WEST WARWICK, R.I.
Along a busy commercial road here sits a 10-year-old scar that hasn’t healed. Next to a crumbling parking lot, rusty folding chairs sit amid dozens of handmade crosses decorated with beads, stuffed animals and fading photos.
This is where 100 people were killed Feb. 20, 2003, when the tour manager for the rock band Great White set off a flashy pyrotechnics display in an overcrowded nightclub. Its owners had tried to stem noise complaints by lining the walls with what turned out to be flammable packing foam.
In less than a minute, a Thursday evening out for more than 400 music lovers and club employees turned into a nightmare as flames raced through the one-story wooden roadhouse. Some were lucky to escape with nothing more than bloody cuts or singed hair. Others were crushed beneath a throng that surged for the front exit or died from breathing toxic fumes created by the burning foam. Others survived but were horribly burned, some losing their eyesight or their hands or becoming so troubled from the horrors they saw that they attempted suicide.
Ten years later, the imprint of the fire remains in this tiny state of just over 1 million residents. It remains in the survivors and victims’ family members, many of whom feel justice was never served and who have found various ways to move forward with their lives. It remains in the scars — physical and mental — of the people who made it out alive. It remains in the sadness so many here still feel about that night, and the hope that it can be prevented from happening again.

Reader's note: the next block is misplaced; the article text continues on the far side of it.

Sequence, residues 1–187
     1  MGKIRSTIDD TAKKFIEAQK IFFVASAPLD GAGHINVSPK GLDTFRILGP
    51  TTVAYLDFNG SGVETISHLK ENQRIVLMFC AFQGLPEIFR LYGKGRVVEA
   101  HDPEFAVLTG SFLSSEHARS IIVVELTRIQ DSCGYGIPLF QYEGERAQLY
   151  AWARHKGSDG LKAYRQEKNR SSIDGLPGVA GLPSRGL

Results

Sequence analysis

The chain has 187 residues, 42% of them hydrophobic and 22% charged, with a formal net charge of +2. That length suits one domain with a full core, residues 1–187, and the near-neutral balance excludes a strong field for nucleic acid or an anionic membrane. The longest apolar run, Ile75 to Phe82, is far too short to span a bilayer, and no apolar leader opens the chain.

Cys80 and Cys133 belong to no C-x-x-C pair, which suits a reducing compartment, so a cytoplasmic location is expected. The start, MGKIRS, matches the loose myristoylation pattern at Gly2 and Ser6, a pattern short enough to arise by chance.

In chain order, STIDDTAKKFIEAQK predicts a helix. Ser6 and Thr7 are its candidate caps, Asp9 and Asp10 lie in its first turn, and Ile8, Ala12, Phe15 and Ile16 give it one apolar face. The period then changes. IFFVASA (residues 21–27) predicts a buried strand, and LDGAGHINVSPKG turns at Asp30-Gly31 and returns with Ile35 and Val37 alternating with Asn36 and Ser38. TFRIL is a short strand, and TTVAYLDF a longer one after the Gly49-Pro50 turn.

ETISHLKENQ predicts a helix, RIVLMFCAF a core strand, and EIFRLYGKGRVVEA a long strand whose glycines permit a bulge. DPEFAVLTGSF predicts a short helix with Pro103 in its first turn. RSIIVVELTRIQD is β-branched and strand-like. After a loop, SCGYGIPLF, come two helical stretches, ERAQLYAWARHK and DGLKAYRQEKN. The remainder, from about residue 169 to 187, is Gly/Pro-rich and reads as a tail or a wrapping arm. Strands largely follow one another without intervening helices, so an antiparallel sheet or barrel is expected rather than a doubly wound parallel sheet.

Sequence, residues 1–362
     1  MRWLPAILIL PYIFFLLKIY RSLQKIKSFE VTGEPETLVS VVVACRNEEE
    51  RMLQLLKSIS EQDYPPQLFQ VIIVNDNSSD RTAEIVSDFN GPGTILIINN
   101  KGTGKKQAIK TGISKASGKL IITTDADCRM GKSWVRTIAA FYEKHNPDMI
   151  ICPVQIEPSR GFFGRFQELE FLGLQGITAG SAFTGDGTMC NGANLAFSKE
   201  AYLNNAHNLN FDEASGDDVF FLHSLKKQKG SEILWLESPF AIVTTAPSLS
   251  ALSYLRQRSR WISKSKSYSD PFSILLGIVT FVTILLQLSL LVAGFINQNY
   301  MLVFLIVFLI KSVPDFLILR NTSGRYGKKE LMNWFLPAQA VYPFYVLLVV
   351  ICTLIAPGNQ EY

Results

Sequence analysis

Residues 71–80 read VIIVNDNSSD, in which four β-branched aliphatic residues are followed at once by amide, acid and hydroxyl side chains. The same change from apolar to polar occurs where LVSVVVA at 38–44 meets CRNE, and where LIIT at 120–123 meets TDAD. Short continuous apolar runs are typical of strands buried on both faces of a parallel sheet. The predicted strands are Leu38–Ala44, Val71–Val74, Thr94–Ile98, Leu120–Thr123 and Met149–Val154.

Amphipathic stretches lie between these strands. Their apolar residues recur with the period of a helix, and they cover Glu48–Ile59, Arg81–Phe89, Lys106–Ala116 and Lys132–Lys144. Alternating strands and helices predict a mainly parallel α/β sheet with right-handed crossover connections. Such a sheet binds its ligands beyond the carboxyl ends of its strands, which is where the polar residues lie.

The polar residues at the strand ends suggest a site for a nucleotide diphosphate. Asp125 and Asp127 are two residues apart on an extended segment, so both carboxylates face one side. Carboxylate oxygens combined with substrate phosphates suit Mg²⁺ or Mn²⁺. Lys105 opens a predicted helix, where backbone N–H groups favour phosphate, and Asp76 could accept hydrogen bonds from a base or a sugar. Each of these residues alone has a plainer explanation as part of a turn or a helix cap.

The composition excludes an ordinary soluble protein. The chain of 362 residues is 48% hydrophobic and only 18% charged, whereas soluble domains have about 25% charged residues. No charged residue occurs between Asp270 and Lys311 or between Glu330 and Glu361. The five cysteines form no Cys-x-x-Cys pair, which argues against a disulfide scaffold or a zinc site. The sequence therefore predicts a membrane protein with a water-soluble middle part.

“There’s corruption and stupidity and greed, but there’s also hope and bravery,” said Dave Kane, who lost his 18-year-old son in the fire. “Our children did not die for nothing. There’s a great legacy here, and if people listen to it, they will save other lives.”
Any number of people could have stopped the fire from happening: Jeffrey and Michael Derderian, the owners of The Station nightclub; the town fire marshal who failed to note the flammable foam inside the club; and Daniel Biechele, Great White’s tour manager, who set off the pyrotechnics without a permit.
The only people criminally charged were the Derderians and Biechele, angering many who felt officials including West Warwick Fire Marshal Denis Larocque should have been charged, or Great White members including lead singer Jack Russell. Great White guitarist Ty Longley, formerly of Brookfield, was among those killed.